Today's Opinions, Tomorrow's Reality
By David G. Young
Washington, DC, April 26, 2016 --
Apple may have sagging phone sales and a lack of new products, but that doesn't mean it can't be profitable.
A few months after consumers camped out in lines to be the first to buy the new iPhone 6, Apple had the joyous opportunity to report its quarterly earnings. Numbers showed large increases in sales from the same quarter a year earlier, and that Apple accounted for half of all smartphones sold in the United States. The future was all Apple.
Fast forward 15 months, and quarterly reports aren't so rosy. Today, Apple announced the first decline in iPhone sales in the product's history -- 16 percent since the same quarter last year. Its shares dropped nearly 8 percent in after hours trading.1
Analysts offer plenty of explanations for this: nearly everyone in developed markets has already made the jump to a smartphone; Apple's latest iPhone models are merely incremental upgrades in the two year product cycle.
But perhaps the best explanation is that the huge increases in sales 15 months ago were a one-time fluke. Apple for years refused to increase the size of the iPhone's screen, despite obvious consumer demand. The company finally relenting at the end of 2015 with the iPhone 6. Those who wanted both a big screen and an Apple product lined up to get one. But this surge in new customers was a one-time change.
Apple will release its next generation iPhone 7 later this year, and while Apple fans will certainly be excited, markets clearly don't share that sentiment. Apple's share price has sagged by over 30 percent in the past year, with a price to earnings ratio (before today's numbers) of 11.16 -- less than half of the PE ratio of the broader S&P 5002. The fact that markets are willing to pay less than half as much for $1 of Apple earnings than most other stocks suggests investor's don't believe Apple can keep those profits going.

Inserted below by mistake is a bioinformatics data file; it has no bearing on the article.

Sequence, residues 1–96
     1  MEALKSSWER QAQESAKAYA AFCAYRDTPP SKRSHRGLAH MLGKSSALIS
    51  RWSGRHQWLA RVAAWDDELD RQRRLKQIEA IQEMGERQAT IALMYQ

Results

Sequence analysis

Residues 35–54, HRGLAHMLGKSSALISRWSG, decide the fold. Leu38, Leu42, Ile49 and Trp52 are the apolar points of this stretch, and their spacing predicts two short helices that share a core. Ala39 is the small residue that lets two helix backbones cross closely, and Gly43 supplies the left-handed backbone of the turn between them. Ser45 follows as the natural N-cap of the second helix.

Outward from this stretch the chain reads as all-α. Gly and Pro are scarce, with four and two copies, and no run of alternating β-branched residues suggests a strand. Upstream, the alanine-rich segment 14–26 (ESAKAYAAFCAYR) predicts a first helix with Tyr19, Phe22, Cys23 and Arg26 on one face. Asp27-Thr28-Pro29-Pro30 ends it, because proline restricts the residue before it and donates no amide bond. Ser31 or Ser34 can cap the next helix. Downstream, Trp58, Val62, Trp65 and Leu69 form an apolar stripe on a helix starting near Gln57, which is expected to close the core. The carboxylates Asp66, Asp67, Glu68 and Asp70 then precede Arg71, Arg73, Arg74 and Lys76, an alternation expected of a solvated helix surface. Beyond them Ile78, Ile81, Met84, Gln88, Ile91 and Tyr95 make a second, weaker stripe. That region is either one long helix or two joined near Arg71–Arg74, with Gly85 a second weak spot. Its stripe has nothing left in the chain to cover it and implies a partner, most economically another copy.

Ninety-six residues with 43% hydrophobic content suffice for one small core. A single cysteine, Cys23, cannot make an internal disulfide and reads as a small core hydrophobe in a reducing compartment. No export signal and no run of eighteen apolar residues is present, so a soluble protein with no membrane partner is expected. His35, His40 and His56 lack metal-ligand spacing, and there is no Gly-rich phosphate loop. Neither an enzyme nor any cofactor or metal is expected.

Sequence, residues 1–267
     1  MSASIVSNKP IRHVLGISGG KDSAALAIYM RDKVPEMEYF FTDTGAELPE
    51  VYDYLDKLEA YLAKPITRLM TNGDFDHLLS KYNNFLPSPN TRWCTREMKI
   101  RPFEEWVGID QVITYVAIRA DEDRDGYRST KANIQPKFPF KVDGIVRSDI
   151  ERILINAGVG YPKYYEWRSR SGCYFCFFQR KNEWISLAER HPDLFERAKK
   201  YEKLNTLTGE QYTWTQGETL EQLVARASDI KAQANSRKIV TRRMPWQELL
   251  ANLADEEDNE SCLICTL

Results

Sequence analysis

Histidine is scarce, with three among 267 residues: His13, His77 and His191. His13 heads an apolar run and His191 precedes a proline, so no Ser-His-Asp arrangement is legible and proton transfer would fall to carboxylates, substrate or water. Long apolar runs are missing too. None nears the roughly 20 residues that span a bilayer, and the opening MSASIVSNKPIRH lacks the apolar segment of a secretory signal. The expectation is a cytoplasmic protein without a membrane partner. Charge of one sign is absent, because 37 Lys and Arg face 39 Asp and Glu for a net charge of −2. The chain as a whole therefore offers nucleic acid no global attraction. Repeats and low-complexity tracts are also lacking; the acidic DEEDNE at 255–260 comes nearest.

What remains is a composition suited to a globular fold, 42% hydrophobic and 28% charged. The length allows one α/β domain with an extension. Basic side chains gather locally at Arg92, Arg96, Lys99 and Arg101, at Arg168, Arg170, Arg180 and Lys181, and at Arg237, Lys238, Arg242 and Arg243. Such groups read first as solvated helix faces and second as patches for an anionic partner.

Given that iPhones account for two thirds of Apple's sales3, this quarter's numbers are indeed disturbing. Apple fans point to other disruptive technologies that may be coming: new features of Apple TV, a potential Apple Car, and other products we can't even imagine yet.
Maybe this will happen and maybe not. The Apple Watch was supposed to be one of these new disruptive products, but it has proven to be a financial dud. And given Tesla's difficulty in scaling its factories to produce its broad market-oriented Model 3, it's hard to imagine how a company as secretive as Apple could be anywhere close to building a vehicle for the broader market.
But let's discount Apple's new product pipeline for a moment. What if Apple has no new products up its sleeve? Are things for the company really that bad? In order to make Apple's shares buy the same amount of earnings as the S&P 500 as a whole, Apple's revenues would have to fall by half. Even with the reported decline in iPhone sales, that clearly isn't going to happen anytime soon. If iPhone sales do stagnate or slowly decline over the long-term, the company can still make plenty of money by milking its existing products for years.
Microsoft followed this model after its peak in the late 1990s. Years after its market share peaked, it still made plenty of money selling Windows and Office to folks who had to upgrade every couple of years. Selling upgrades may not be innovative, it may not be sexy, but it's plenty profitable.
Indeed, comparisons of Apple's profits to other tech companies are almost laughable. Rival Google, whose market capitalization briefly surpassed Apple to make it the world's largest public company earlier this year, has a PE ratio of over 314 -- meaning its share price is almost three times overvalued compared to Apple to buy the same amount of earnings. This is for a company that has a great track record of funneling money into R&D, but a terrible track record of making significant money off of anything besides their original product of search advertising.
Given much of Apple's past success has been based on consumers who are irrational slaves to fashion, it's hard to feel sorry for the company when investors take an equally irrational view as its stock falls out of fashion. But for those who care less about fashion than profits, Apple's future still seems plenty better than its rivals.
Full disclosure: David is an Apple shareholder who regularly carries an Android phone.
Related Web Columns:
A Welcome Resurgence, January 27, 2015
Learning to Be Boring, April 19, 2011
1. Reuters, Apple Posts Historic Drop in iPhone Sales; Forecast Disappoints, April 26, 2016
2. Google Finance, Apple Inc., as posted April 26, 2016
3. CNET, Apple Stares Down its First Ever iPhone Sales Slump, April 25, 2016
4. NASDAQ, Alphabet Inc. Analyst PE Estimates, April 26, 2016